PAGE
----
Natural Resources, School of


Cenozoic Geology of the North Platte River Valley, Morrill and Garden counties, Nebraska

James B. Swinehart, University of Nebraska - Lincoln



Mapping of the Cenozoic deposits (Oligocene through Recent) on the north side of the North Platte River Valley near Broadwater and Lisco Nebraska was combined with analysis of drill-hole records and mineralogical and textural data. The stratigraphic framework thus established permits a reevaluation of earlier concepts regarding these deposits. The Nhitney Member of the Brule Formation (Oligocene), the oldest deposit exposed in the area, is an eolian, loess-like siltstone consisting of a lower clayey facies and an upper sandy facies. Vitric, crystal, and lithic volcaniclastic material--probably derived from distant western ash flow eruptions--makes up a minimum of 75 percent of both facies. The Arikaree Group (Late Oligocene-Early Miocene) overlies the 'V'Jhitney Hember and is divided into two units. The lower is the Gering Formation, which primarily is a fluvial volcaniclastic silty sand containing local accumulations of pumice pebbles derived from North Park, Colorado. Overlying it is a sequence of massive, volcaniclastic fine-grained sands--the Harrison-Monroe Creek formations, undifferentiated. This upper unit, like the Whitney, is primarily an eolian, loess-like deposit but contains a greater proportion of epiclastic material.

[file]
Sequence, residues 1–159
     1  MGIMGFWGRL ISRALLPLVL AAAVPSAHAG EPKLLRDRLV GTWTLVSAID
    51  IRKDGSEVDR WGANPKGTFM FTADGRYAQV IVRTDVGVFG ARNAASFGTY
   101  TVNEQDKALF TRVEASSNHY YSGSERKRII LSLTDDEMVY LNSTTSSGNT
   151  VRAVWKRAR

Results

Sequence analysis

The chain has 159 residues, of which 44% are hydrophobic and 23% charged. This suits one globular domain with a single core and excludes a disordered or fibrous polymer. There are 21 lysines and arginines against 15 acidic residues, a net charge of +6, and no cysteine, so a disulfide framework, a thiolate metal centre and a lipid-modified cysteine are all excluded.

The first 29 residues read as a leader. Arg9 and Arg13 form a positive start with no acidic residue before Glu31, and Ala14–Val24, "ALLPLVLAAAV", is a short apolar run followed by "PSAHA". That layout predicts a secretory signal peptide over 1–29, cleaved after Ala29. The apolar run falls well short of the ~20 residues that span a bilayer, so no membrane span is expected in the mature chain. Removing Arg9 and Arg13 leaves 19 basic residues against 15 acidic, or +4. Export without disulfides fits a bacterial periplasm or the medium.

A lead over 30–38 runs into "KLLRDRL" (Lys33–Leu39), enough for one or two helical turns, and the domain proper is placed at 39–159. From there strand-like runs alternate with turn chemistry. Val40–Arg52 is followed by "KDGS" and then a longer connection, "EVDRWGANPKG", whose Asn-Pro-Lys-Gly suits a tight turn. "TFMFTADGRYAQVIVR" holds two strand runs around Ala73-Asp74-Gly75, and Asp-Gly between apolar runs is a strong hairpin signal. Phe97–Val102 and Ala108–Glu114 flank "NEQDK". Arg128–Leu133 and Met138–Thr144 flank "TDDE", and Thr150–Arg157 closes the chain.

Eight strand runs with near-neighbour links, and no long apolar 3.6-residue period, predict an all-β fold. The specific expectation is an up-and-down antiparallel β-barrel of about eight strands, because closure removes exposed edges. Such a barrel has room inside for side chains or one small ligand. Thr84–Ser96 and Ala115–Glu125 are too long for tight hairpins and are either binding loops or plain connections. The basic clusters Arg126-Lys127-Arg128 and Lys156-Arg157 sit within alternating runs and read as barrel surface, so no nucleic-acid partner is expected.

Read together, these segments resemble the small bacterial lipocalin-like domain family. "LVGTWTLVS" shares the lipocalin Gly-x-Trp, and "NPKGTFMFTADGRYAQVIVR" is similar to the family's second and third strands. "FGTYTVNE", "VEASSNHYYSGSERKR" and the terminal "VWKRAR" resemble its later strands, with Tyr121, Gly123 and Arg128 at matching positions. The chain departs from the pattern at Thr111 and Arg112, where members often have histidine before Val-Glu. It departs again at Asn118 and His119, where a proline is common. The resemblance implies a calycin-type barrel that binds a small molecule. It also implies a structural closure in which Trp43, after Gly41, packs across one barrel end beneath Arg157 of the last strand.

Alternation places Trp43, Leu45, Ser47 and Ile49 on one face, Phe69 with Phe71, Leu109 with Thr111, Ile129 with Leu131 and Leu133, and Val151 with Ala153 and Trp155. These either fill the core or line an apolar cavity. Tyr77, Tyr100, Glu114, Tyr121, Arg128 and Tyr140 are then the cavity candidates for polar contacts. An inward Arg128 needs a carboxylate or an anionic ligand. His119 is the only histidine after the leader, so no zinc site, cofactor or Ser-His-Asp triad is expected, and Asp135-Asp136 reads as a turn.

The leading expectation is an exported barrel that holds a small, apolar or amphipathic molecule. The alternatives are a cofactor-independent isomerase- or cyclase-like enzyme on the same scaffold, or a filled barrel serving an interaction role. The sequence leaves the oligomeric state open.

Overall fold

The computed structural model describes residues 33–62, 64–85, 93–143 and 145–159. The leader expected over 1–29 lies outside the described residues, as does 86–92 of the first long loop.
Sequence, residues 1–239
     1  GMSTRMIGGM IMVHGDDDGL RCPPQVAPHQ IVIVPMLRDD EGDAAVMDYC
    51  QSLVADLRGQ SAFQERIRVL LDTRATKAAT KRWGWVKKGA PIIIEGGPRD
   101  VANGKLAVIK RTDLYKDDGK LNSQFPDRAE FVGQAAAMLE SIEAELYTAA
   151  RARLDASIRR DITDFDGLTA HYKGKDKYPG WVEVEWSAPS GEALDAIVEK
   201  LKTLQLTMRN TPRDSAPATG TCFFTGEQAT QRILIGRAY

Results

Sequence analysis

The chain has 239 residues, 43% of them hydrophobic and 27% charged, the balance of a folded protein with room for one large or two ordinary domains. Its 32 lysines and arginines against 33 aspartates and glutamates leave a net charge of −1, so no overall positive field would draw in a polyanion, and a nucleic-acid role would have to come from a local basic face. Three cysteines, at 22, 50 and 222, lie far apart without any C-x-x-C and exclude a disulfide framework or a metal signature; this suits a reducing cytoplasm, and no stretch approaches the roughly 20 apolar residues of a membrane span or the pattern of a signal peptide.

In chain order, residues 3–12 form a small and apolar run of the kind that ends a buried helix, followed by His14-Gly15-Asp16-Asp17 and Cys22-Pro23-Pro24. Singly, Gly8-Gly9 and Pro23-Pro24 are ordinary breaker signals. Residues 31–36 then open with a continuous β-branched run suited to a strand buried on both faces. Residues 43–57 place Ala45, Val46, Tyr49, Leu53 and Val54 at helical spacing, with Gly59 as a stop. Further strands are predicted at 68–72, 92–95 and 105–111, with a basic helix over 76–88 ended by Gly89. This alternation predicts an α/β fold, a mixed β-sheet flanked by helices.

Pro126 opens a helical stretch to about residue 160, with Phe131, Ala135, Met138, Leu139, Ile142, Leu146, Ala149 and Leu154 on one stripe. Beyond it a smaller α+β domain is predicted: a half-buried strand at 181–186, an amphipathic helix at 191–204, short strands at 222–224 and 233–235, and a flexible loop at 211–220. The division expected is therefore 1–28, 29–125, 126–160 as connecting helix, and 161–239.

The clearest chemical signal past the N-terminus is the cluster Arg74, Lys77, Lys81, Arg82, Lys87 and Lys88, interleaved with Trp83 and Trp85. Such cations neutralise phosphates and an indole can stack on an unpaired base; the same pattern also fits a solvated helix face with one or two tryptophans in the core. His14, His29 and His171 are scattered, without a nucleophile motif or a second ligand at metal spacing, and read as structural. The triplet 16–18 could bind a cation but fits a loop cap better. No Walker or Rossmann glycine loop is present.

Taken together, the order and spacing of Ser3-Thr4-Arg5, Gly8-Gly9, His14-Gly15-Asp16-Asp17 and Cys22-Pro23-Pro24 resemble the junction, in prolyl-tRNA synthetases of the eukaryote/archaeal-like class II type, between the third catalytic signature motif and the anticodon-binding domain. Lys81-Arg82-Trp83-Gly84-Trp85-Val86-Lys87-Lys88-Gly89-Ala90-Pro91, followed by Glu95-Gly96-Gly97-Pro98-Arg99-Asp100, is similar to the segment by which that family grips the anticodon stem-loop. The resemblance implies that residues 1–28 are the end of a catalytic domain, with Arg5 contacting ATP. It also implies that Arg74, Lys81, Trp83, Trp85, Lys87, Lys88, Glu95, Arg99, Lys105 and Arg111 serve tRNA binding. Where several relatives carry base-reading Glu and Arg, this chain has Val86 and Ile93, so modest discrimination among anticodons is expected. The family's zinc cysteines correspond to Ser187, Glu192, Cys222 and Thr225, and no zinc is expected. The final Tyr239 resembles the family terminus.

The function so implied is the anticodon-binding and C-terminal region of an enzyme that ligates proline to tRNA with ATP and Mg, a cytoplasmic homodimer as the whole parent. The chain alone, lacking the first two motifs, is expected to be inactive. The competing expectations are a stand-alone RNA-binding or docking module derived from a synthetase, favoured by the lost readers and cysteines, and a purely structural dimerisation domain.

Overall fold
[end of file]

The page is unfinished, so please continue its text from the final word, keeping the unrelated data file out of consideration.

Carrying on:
A hiatus representing about 10 million years duration separates the Arikaree Group from the overlying Pussy Springs channel complex (informal name) of the Ash Hollow Formation (Late Hiocene). The arkosic, poorly sorted silty and pebbly sands of the Pussy Springs unit resulted from the rapid filling of deep and narrow "arroyos" cut through the Arikaree Group and almost 200 feet into the Whitney Hember. The remainder of the Ash Hollow Formation consists of sand and gravel, silty sand, mudstone, caliche, and siliceous root cast horizons representing fluvial, lacustrine, and pedogenic deposits. Acidic volcanic clasts suggest a Colorado Front Range source. A hiatus representing several million years separates the Ash Hollow Formation from the Broadwater Formation (Pliocene-Early Pleistocene), an extensive sand and gravel containing several lenticular fine-grained units (including diatomites) that contain Blancan fossils. The Broadwater was deposited in a large east-trending paleovalley. Anorthosite and mafic igneous clasts indicate that the Laramie Mountains were a primary source of sediments. A series of isolated deposits of very coarse gravel and sand, Some filling deep narrow channels and containing clast types similar to the Broadwater Formation, are interpreted to repr~sent the basal fill of the Broadwater paleovalley.